It is crucial that the lions used for breeding have the best genetic background and to breed lions that are as distantly related as possible to avoid inbreed defects.
- “The Asiatic lions are closely related to each other, but through the genealogical tree and genomic techniques, Cino’s and Rikke’s work help us select the best breeding partners. The family tree furthermore lets us identify families in which specific defects or illnesses are most likely to occur, enabling us to exclude those lions from the breeding programme and hopefully decrease the occurrence of the less fit individuals” Trine Hammer Jensen, who is also vet at Aalborg Zoo, explains.
High-level breeding at Aalborg Zoo
In 2014, Aalborg Zoo acquired a new male lion to further their breeding programme. Previously, the zoo had two female lions with a close family relation and thus low genetic impact. The new male lion has a high genetic status and has already proven his fertility, resulting in lion cubs at Aalborg Zoo shortly after his arrival. The zoo now aims to acquire two high-status females from Helsinki – females that have been meticulously selected on the basis of the genealogical tree.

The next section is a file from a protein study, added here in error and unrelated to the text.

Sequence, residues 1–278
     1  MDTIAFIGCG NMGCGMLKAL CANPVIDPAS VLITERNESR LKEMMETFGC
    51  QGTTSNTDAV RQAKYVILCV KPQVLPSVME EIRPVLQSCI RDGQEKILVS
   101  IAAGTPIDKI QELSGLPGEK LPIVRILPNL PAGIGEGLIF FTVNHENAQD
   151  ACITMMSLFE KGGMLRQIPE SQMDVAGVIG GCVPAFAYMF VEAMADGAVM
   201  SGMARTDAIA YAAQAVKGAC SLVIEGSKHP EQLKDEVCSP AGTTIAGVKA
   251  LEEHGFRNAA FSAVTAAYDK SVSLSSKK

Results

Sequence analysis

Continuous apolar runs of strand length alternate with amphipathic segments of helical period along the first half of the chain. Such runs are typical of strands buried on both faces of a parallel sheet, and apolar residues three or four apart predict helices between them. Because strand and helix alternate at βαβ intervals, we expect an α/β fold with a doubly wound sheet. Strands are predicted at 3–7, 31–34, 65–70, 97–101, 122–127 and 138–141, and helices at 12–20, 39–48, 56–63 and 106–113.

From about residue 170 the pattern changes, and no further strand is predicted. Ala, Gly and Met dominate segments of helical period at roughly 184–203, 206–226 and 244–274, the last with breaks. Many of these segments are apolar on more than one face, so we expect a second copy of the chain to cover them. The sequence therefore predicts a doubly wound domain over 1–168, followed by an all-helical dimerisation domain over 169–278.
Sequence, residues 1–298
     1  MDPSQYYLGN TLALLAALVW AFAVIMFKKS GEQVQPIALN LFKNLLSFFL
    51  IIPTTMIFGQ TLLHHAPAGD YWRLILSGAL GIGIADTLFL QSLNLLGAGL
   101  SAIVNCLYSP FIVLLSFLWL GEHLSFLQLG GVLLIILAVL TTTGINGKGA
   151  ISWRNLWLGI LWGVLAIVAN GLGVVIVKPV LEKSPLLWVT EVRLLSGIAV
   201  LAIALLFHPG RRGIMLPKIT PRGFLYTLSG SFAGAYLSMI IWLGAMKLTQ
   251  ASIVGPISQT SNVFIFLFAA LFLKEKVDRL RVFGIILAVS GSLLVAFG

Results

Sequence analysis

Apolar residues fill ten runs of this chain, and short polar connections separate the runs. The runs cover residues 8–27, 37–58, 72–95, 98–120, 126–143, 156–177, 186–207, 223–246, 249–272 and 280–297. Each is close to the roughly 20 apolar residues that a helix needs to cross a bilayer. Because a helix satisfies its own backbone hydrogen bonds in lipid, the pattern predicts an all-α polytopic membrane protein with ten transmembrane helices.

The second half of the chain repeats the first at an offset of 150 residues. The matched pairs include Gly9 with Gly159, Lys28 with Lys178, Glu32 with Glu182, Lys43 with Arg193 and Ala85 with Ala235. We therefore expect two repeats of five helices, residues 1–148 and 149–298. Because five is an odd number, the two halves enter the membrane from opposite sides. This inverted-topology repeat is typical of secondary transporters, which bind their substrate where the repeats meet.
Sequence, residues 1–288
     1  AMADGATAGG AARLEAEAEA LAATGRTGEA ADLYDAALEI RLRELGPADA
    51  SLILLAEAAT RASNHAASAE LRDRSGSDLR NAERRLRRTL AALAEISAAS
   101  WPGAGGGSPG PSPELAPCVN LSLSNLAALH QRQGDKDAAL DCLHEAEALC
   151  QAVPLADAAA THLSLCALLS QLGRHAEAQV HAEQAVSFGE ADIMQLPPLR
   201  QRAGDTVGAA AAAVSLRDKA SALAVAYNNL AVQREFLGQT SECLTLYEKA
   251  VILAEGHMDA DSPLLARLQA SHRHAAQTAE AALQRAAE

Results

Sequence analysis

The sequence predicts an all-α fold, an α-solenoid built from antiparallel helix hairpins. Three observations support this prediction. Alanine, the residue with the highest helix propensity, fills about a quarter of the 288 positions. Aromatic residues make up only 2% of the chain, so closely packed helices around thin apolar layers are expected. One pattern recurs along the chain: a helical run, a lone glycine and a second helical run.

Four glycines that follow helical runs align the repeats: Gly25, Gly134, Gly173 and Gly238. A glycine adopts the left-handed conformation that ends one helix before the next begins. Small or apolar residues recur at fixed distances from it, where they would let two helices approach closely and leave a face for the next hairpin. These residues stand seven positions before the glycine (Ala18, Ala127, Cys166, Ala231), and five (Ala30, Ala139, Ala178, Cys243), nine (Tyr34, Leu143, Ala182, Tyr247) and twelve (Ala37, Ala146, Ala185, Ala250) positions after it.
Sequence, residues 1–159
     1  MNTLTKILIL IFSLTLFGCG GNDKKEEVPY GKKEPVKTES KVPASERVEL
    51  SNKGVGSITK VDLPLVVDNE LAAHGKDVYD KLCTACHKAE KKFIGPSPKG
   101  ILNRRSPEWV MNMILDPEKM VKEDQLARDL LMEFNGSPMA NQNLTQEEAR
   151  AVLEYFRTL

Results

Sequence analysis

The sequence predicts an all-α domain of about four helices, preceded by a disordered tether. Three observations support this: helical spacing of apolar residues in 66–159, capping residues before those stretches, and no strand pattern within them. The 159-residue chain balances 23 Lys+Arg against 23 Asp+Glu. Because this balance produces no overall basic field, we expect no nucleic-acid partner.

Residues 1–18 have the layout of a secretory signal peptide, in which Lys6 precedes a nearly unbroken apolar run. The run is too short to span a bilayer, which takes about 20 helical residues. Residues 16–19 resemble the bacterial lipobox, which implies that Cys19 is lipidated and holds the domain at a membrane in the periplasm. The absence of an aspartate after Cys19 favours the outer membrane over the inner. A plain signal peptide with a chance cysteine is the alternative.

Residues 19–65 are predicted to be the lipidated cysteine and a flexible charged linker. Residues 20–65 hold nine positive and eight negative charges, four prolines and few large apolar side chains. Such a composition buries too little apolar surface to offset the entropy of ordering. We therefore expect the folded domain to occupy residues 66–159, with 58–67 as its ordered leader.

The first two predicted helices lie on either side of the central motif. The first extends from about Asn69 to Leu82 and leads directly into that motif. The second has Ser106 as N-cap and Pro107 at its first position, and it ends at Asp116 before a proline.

- “By exchanging the two female lions – who will go to a Zoo in Portugal – we will get lions with a higher genetic impact. We hope that breeding them with the male lion can lead to a stronger and genetically more diverse family of lions and, eventually, maybe ensure the survival of the Asiatic lion" Trine Hammer Jensen finishes.